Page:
Genesis 3 Jun 10, 2011 9:37:47 GMT -5
Post by Morris on Jun 10, 2011 9:37:47 GMT -5
That is too naturalistic a view of scripture for me. Either it was 'divinely breathed in' or it was just a cultural byproduct.
If you believe that Israel was God's chosen people, and that all other people on earth were condemned, then agreed. That salvation only comes to us through one race of man, who became condemned for their pride...then yes, I can see your point for sure.
Well, I do believe that Israel was God's chosen people, but I do not believe that all other people were condemned without hope. God gave specific instructions in the law regarding how the foreigner and stranger could be assimilated into the assembly of Israel. Furthermore, God defines the "congregation of Israel" as those who are circumcised.
"And the LORD said to Moses and Aaron, “This is the ordinance of the Passover: No foreigner shall eat it. But every man’s servant who is bought for money, when you have circumcised him, then he may eat it. A sojourner and a hired servant shall not eat it. In one house it shall be eaten; you shall not carry any of the flesh outside the house, nor shall you break one of its bones. All the congregation of Israel shall keep it. And when a stranger dwells with you and wants to keep the Passover to the LORD, let all his males be circumcised, and then let him come near and keep it; and he shall be as a native of the land. For no uncircumcised person shall eat it. One law shall be for the native-born and for the stranger who dwells among you.” "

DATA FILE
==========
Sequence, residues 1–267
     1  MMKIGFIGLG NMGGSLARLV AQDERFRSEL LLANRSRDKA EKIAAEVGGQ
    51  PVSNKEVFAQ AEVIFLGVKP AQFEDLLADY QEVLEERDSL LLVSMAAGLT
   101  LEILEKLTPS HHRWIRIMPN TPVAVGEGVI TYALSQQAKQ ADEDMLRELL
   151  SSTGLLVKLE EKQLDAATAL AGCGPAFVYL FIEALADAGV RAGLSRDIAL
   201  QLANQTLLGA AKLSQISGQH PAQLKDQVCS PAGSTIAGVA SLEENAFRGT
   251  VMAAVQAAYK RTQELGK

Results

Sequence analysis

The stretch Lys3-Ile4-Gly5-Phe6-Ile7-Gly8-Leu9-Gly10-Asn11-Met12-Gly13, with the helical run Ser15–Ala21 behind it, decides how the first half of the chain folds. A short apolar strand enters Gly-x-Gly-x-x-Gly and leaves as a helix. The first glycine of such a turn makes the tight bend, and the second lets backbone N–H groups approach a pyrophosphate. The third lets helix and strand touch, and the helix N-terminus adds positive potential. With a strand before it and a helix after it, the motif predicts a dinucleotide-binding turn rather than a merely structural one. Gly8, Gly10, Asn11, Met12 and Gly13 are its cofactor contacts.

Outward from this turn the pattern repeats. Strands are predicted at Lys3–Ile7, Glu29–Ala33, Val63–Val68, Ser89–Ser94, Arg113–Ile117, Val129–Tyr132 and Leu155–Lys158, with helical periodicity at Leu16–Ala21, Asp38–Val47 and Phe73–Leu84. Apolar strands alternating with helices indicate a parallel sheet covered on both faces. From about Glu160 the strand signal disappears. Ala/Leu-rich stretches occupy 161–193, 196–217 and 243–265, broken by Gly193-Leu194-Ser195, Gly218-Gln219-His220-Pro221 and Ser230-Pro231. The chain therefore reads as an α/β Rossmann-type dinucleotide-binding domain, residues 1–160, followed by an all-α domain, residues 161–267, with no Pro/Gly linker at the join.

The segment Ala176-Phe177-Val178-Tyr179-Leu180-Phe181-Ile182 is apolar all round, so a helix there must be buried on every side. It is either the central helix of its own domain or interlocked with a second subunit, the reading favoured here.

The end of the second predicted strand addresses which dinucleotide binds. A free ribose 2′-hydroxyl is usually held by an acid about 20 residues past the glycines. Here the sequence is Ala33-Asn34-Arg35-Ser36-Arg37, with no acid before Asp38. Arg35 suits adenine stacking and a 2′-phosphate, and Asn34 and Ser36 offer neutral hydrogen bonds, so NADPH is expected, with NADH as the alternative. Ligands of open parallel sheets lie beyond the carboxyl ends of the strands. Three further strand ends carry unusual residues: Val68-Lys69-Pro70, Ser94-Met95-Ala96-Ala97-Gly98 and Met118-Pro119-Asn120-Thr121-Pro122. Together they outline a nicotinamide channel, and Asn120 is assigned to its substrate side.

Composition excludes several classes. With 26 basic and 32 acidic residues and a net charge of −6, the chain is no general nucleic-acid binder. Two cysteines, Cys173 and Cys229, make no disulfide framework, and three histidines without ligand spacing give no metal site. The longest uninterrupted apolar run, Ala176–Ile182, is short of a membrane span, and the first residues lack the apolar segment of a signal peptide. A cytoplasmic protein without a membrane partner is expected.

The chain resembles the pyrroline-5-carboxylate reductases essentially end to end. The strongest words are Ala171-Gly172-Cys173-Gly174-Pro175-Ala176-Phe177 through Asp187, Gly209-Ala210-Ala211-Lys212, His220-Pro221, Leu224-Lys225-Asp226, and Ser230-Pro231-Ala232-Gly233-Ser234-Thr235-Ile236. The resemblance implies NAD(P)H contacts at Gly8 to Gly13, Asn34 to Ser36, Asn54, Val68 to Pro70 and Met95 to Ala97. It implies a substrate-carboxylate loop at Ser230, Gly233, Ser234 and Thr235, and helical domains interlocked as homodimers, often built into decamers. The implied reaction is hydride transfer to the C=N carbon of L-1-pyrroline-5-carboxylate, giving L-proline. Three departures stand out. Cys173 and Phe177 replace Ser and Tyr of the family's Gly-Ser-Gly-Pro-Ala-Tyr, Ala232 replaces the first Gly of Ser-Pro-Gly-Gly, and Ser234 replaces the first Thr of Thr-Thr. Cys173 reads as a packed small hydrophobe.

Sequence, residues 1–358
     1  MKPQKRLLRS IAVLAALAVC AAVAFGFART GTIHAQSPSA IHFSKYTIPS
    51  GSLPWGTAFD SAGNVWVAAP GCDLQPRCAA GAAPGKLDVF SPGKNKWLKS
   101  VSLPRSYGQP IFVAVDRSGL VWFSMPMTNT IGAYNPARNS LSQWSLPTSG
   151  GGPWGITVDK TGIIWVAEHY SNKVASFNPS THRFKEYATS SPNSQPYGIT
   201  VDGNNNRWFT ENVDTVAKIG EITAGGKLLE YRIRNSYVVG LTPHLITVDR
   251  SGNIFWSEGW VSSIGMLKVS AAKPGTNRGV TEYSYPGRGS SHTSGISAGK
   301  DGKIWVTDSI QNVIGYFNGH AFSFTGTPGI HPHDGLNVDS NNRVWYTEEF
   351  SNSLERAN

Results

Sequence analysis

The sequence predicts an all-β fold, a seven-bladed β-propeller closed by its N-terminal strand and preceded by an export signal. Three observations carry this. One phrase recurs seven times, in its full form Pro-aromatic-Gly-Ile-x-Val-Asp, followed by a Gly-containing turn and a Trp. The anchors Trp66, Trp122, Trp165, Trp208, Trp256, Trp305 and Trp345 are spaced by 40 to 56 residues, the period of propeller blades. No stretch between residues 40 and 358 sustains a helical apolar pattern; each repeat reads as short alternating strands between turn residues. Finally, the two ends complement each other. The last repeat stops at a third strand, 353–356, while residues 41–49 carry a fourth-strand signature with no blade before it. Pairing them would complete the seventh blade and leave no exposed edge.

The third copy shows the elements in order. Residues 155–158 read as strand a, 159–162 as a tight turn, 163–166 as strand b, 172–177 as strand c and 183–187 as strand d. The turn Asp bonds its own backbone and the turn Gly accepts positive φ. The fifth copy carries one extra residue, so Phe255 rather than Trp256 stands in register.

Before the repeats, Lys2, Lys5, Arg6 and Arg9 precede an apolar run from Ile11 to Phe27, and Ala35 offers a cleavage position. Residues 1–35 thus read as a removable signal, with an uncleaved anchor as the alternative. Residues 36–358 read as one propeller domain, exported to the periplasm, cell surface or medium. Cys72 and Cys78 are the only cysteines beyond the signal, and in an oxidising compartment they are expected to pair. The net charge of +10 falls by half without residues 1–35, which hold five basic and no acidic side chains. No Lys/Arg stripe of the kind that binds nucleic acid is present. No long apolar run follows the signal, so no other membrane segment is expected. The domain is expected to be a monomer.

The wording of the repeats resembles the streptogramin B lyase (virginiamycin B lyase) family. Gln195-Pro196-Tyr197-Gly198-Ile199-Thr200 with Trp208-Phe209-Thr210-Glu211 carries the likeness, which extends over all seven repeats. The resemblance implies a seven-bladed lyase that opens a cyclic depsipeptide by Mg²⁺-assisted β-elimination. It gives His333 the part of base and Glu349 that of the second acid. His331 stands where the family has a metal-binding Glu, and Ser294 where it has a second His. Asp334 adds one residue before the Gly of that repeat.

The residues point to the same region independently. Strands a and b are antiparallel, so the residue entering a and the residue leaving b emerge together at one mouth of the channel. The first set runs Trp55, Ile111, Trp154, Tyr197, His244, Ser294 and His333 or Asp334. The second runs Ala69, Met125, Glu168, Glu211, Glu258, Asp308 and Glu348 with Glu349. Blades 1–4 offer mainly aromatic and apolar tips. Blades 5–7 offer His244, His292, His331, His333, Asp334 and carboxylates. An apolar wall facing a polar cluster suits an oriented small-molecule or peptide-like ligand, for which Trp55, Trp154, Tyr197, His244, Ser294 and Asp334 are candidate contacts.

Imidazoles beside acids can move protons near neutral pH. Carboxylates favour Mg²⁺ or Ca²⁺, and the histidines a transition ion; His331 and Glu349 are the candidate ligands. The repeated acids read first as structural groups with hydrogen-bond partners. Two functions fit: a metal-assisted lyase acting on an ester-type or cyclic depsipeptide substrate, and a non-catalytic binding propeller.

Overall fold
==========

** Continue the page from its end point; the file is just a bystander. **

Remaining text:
God's Israel, his chosen people was never intended to be biologically determined, despite what some people may believe. That's why Jesus said "For I say to you that God is able to raise up children to Abraham from these stones". And there was one law for native and stranger alike.
"The stranger who dwells among you shall be to you as one born among you, and you shall love him as yourself; for you were strangers in the land of Egypt: I am the LORD your God."
Just because the OT says something a certain way does not mean God meant it to be said that way. He may have written on stone tablets with a finger, but scripture was not dictation. If one wishes to believe how Israel viewed themselves is how God viewed them, then more power to them for sure.
Ah, but here's the catch! It is the philosophy which says that Israel saw themselves as 'the world' that creates this problem, not the OT scripture. Even in the OT there is no partiality with God.
"Therefore circumcise the foreskin of your heart, and be stiff-necked no longer. For the LORD your God is God of gods and Lord of lords, the great God, mighty and awesome, who shows no partiality nor takes a bribe. He administers justice for the fatherless and the widow, and loves the stranger, giving him food and clothing. Therefore love the stranger, for you were strangers in the land of Egypt."
I personally am very selective with this concept, at least when it comes to reading passages. I use this to understand key messages and themes of the Bible, so the 'lowest common denominator' I guess you could say. I'll also try to understand specific words/terms a little better. But I find when taking a scripture from a completely different account to understand another verse, that I run a risk of patching phrases together to create a personal theology. Different writers, stories, context, culture, perspective, etc lead to different meanings.
I find this agreeable. In fact, that's why I don't believe the use of "heavens and earth" of Revelation needs to redefine the "Heavens and earth" of the OT.